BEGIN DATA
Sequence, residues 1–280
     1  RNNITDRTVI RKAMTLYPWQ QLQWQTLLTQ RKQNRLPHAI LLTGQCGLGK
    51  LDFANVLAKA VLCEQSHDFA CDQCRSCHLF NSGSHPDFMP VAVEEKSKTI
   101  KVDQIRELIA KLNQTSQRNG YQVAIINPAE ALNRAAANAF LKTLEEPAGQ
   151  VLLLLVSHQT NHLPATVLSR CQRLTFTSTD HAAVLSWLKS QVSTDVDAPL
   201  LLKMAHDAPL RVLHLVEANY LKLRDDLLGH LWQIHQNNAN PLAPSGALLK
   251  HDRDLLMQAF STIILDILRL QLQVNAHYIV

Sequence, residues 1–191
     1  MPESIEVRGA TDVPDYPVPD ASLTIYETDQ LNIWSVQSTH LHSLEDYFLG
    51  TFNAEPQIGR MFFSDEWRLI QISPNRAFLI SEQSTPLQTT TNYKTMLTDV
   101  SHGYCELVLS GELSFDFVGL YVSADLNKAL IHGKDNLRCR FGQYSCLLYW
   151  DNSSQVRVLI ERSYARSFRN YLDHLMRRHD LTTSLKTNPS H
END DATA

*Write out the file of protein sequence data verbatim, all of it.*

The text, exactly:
Sequence, residues 1–280
     1  RNNITDRTVI RKAMTLYPWQ QLQWQTLLTQ RKQNRLPHAI LLTGQCGLGK
    51  LDFANVLAKA VLCEQSHDFA CDQCRSCHLF NSGSHPDFMP VAVEEKSKTI
   101  KVDQIRELIA KLNQTSQRNG YQVAIINPAE ALNRAAANAF LKTLEEPAGQ
   151  VLLLLVSHQT NHLPATVLSR CQRLTFTSTD HAAVLSWLKS QVSTDVDAPL
   201  LLKMAHDAPL RVLHLVEANY LKLRDDLLGH LWQIHQNNAN PLAPSGALLK
   251  HDRDLLMQAF STIILDILRL QLQVNAHYIV

Sequence, residues 1–191
     1  MPESIEVRGA TDVPDYPVPD ASLTIYETDQ LNIWSVQSTH LHSLEDYFLG
    51  TFNAEPQIGR MFFSDEWRLI QISPNRAFLI SEQSTPLQTT TNYKTMLTDV
   101  SHGYCELVLS GELSFDFVGL YVSADLNKAL IHGKDNLRCR FGQYSCLLYW
   151  DNSSQVRVLI ERSYARSFRN YLDHLMRRHD LTTSLKTNPS H